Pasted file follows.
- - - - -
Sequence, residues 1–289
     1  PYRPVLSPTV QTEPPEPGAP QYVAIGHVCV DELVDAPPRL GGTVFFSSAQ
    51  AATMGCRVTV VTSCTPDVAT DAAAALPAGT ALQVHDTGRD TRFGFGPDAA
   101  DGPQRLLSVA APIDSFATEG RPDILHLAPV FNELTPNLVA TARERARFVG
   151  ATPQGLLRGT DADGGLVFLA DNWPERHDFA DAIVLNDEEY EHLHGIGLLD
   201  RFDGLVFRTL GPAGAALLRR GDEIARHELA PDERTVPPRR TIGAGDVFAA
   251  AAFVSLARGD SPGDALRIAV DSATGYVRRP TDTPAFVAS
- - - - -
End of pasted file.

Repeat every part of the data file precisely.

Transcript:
Sequence, residues 1–289
     1  PYRPVLSPTV QTEPPEPGAP QYVAIGHVCV DELVDAPPRL GGTVFFSSAQ
    51  AATMGCRVTV VTSCTPDVAT DAAAALPAGT ALQVHDTGRD TRFGFGPDAA
   101  DGPQRLLSVA APIDSFATEG RPDILHLAPV FNELTPNLVA TARERARFVG
   151  ATPQGLLRGT DADGGLVFLA DNWPERHDFA DAIVLNDEEY EHLHGIGLLD
   201  RFDGLVFRTL GPAGAALLRR GDEIARHELA PDERTVPPRR TIGAGDVFAA
   251  AAFVSLARGD SPGDALRIAV DSATGYVRRP TDTPAFVAS